Muscat, the principal port on the eastern coast of Arabia, is under the government of an independent chief. The harbor, which lies in latitude 38′ north, and longitude 59° 1.5′ east, is formed by a small cove, or semicircular bay, environed on all sides, except at its entrance, by lofty, steep and barren rocks, and extending not more than half a mile in length from the town, at the head of the cove, to the outer anchorage, in the mouth of it; and not more than a quarter of a mile in breadth from fort to fort, which guard the entrance on the east and west. The entrance to this cove is from the northward, and the water is deep, shoaling quickly from thirty to fifteen fathoms at the cove’s month. Ships entering it from the northward, with a fair wind, should go no farther in than ten fathoms before anchoring, as the ground does not hold well; and within this, there is but little room to drive.
The town of Muscat is seated near the shore, at the bottom of the hills. It is of an irregular form and meanly built. It is walled around, with some few round towers at the principal angles, after the Arabian manner; but this is only towards the land side, the part facing the sea being entirely open The population is about ten thousand. Of these. about nine-tenths are pure Arabs and Mohamme dans; the remainder are principally Hindoos. There are only three or four Jews, and no Christians of any description resident in the place. The duties on commerce are five percent ad valorem, paid by strangers of every denomination on all goods brought into the port There is no export duty.
The Custom House, which is opposite to the landing place both for passengers and goods, is merely an open square of twenty feet, with benches around it, one side opening to the sea, and the roof covered in for shelter from the sun. This landing-place is also the Commercial Exchange, where it is usual, during the cool of the morning, to see the principal merchants assembled, some sitting on old rusty cannons, others on condemned spars, and others in the midst of coils of ropes, exposed on the wharf, stroking their beards, and seeming to be the greatest of idlers, instead of men of business; notwithstanding which, when a stranger gets among them, he finds commerce to engross all their conversation and their thoughts.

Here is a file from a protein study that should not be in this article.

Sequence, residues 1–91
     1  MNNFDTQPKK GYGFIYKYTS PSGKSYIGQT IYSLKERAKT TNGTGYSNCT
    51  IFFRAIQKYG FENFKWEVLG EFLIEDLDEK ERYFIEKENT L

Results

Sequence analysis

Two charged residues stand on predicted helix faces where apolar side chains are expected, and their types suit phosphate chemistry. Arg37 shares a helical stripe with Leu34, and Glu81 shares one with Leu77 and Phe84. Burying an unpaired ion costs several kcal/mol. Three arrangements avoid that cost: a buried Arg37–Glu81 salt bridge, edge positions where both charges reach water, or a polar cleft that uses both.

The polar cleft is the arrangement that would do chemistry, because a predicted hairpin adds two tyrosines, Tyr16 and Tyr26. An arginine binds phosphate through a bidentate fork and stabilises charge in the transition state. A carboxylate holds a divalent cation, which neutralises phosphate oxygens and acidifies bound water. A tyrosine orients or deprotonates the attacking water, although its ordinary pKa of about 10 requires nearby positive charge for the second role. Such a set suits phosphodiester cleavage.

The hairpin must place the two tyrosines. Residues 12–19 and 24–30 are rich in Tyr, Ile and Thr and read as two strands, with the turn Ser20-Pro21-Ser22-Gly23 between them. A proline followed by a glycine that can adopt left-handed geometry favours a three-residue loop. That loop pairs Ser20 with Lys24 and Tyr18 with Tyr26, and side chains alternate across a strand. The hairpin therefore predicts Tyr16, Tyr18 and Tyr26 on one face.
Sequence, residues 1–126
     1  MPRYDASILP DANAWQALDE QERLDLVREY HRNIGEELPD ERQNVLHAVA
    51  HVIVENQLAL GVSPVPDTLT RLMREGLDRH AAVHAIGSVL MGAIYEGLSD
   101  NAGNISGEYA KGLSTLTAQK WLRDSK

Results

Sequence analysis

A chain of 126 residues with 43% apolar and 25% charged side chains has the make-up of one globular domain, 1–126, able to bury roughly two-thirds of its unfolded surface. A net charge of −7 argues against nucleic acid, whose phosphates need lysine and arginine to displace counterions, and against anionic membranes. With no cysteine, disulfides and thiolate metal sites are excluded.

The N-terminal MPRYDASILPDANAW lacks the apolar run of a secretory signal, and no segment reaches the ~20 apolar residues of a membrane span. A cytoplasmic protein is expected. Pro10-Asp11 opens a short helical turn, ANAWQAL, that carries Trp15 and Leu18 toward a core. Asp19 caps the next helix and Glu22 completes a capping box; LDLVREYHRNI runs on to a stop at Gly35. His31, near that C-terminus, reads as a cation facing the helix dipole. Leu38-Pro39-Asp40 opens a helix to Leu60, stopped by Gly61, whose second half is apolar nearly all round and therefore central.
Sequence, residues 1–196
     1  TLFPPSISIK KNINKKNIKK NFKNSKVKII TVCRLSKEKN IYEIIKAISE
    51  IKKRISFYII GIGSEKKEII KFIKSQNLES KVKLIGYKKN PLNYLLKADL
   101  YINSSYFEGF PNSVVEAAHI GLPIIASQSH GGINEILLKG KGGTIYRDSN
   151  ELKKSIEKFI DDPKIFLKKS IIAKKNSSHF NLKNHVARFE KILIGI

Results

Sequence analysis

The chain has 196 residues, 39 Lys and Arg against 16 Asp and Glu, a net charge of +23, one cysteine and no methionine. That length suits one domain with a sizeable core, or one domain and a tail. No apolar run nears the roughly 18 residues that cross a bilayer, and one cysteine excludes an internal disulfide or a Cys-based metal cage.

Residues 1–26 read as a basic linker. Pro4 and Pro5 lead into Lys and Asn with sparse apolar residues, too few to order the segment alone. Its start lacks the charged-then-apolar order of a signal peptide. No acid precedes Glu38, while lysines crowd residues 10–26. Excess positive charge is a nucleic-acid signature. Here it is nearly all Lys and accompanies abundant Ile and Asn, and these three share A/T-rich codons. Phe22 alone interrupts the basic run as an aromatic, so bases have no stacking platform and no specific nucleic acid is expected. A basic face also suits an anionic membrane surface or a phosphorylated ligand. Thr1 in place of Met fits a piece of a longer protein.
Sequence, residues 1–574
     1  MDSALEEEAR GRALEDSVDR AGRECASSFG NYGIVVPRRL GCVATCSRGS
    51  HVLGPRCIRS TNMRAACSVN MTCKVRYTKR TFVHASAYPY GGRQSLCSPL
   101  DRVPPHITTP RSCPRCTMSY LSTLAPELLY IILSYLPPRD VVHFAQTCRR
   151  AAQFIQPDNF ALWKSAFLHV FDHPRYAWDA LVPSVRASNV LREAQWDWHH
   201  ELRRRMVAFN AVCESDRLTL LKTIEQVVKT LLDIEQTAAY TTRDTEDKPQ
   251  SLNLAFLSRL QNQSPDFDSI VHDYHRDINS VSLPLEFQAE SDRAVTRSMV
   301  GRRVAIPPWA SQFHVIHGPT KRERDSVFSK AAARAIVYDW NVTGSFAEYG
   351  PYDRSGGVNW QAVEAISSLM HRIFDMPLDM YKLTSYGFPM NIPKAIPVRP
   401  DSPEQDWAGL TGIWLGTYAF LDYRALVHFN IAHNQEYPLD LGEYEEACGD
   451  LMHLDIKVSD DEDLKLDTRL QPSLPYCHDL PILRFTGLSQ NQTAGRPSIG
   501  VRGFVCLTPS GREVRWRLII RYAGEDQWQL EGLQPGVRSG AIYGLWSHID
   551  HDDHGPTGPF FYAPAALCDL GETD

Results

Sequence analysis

In the town, horses are seldom used, but camels and asses are the animals mounted by all classes of those who ride. The tranquillity that reigns throughout the place, and the tolerance and civility shown to strangers of every denomination, are to be attributed to the inoffensive disposition of the people, rather than to the efficiency of a police, there being no regular establishment of that kind here. Whole cargoes of merchandise, and property of every description are left to lie open on the wharf and in the streets, without fear of plunder. Every thing is favorable to the personal liberty, the safety and the accommodation of strangers; and the Arabs of Muscat may he considered, as far as manners go, as the most civilized of their country-men.
Provisions and refreshments for shipping may be easily obtained here. Meat, vegetables and fruit are all abundant in their season, of excellent quality ; and fish are nowhere more plentiful or more delicious than here. The water is also pure and wholesome. Deficiencies in ships’ crews may also be made up by Arab sailors, who are always to be found here, and are unquestionably braver, hardier, and better seamen, than the Lascars of India, though they are sometimes difficult to be kept in order.